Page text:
Inline Duct Damper – A Complete Guide | What Does It Do? How To Install It?

Inline duct damper – a complete guide | What Is a Duct Damper? What Does an Inline Damper Do? How Do You Install an Inline Duct Damper?

Energy efficiency is one of the most important benefits that every homeowner seeks to derive from their HVAC systems.

After purchasing the right product, installing the unit perfectly, insulating where necessary and even installing an automated thermostat, you’d think you’ve got it all covered.

However, there’s one more move you’ve probably never heard about; that’s the duct damper. In this post, we’ll demystify this very important but largely unknown component and tell you all there is to know about it.

Also called an HVAC damper, an inline duct damper is a very useful tool that maximizes your energy usage by helping with things like zoning and directing airflow only to areas where it is needed while cutting off the same to areas that are unoccupied.

This will certainly help to save energy and reduce running costs. So, what exactly is a duct damper and what is it used for?

What Is a Duct Damper?

A duct damper or HVAC damper is a moveable plate that is placed in the ductwork to help control and regulate airflow. If you know how a dam works, you’ll have an idea of what a duct damper is.

While a dam blocks water and prevents its flow downstream, a duct damper blocks air from going through when it is shut off. This moveable plate is located around 5 feet from the primary duct trunk.

As an essential component in your HVAC’s zoning system, you can think of dampers as valves in ducts that decide when air flows through and when it doesn’t.

A duct damper is simply a control mechanism that determines how much-conditioned air goes into different parts of the building. Duct dampers are built as either round tubes or as square frames with louver-like blades fitted horizontally.

They also come as either manual units, such as the SMK Manual Volume Damper or automatic valves, like the 8-inch Suncourt damper. A manual damper has a lever attached to the side which you can manipulate to shut off the passage or open it up for airflow.

On the other hand, an automatic duct damper is equipped with electric or pneumatic motors connected to a fully-automated system or smart thermostats placed in different parts of the building for easy control.

What Does an Inline Damper Do?

You probably already have an idea of what an inline damper does, in terms of controlling conditioned airflow in the duct.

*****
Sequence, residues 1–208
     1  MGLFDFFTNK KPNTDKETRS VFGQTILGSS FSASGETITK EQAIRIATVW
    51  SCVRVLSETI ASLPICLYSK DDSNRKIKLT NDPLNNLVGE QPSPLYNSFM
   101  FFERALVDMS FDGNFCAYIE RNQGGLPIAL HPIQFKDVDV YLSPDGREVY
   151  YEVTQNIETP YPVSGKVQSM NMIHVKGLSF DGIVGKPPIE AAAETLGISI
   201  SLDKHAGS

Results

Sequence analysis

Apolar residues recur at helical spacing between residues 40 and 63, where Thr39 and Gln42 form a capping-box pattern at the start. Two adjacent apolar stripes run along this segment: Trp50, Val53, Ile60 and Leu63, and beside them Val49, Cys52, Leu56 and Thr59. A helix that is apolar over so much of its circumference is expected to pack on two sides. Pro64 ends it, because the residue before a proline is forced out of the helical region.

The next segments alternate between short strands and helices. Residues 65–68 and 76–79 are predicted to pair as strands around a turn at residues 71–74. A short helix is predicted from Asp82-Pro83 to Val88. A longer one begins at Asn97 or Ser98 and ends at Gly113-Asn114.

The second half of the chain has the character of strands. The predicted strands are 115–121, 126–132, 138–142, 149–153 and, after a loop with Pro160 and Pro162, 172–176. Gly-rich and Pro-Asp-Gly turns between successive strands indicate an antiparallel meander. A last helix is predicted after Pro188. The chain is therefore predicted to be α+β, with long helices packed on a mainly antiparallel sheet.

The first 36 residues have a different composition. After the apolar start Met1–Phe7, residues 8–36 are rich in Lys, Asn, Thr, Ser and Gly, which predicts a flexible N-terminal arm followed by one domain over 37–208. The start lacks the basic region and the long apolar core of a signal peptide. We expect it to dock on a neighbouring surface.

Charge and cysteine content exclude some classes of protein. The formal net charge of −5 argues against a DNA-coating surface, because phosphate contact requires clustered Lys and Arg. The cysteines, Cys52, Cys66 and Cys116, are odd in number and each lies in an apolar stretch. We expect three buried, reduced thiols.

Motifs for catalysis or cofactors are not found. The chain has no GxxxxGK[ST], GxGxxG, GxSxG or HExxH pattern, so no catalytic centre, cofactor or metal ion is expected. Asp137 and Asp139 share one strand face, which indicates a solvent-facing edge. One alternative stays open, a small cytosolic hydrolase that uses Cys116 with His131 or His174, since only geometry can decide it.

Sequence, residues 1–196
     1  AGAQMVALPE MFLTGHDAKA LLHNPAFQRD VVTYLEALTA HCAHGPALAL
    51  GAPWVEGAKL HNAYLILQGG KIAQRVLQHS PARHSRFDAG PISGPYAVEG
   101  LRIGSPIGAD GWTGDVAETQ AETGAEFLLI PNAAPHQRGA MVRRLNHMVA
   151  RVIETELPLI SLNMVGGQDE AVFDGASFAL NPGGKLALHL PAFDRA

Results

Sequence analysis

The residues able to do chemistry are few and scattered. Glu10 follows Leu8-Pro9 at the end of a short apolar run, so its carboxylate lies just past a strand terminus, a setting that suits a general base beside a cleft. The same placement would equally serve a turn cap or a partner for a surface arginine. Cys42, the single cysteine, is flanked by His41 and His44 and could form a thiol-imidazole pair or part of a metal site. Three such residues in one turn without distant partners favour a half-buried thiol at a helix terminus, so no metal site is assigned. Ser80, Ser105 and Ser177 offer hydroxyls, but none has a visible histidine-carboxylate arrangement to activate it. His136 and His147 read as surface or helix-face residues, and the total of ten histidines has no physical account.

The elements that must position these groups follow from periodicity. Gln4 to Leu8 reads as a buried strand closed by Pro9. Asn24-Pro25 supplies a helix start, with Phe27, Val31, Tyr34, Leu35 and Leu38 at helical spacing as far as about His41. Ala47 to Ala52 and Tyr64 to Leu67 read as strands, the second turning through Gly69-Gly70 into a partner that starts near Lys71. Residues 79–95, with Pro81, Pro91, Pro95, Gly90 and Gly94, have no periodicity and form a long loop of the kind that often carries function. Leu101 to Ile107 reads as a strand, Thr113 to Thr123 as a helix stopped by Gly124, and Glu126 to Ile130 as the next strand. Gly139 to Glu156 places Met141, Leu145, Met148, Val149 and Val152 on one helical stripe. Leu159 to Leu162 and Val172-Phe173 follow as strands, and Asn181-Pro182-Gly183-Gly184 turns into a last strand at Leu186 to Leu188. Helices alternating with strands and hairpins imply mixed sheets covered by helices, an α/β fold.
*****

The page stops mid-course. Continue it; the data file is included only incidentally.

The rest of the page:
We have attempted to break this function down into three major areas:

1. Cut off air conditioning airflow to unoccupied rooms

A duct damper is a perfect component for zoning. With an effective damper, you’ll be able to cut off airflow from the central air conditioner to certain rooms where it is not needed.

This will allow much of the conditioned air to move into only places where cool or warm air is needed the most.

2. Regulate temperature

Temperature regulation is another very important function of a duct damper. It determines how cold or warm each part of the building is by controlling the amount of conditioned air that goes into each part of the building.

If you have an automatic damper, you’ll enjoy convenient temperature regulation by a push of a button from wherever part of the building you may be.

3. Manage energy consumption

By preventing waste and directing airflow only to areas where it is needed, duct dampers tend to promote energy efficiency. Unoccupied rooms can be cut off from air conditioning without affecting the operation of the unit.

Also, you can decide to reduce the speed of the unit and direct available conditioned air to only the parts of the building where it is needed.

Do All Ductworks Have Dampers?

No, not all ductworks have dampers. But they all should. This doesn’t mean that your HVAC unit will not function properly without a duct damper, it simply means you won’t enjoy the zoning advantage that a damper offers and will not have as much efficiency.

Virtually all homes with an added second level should have dampers installed in their ductwork. This is simply to allow for multi-level and multi-stage control of conditioned air in different parts of the home. Note, however, that dampers can be installed if they’re absent.

You should be able to tell if there’s a damper in your duct by checking the runs that flow from the main unit and see if they each contain a damper.

You would naturally find them about 5 feet from the HVAC unit’s base, which translates to 5 feet into the duct from the HVAC unit. If going into the crawlspace isn’t your strong foot, you may have to invite an HVAC professional to do so.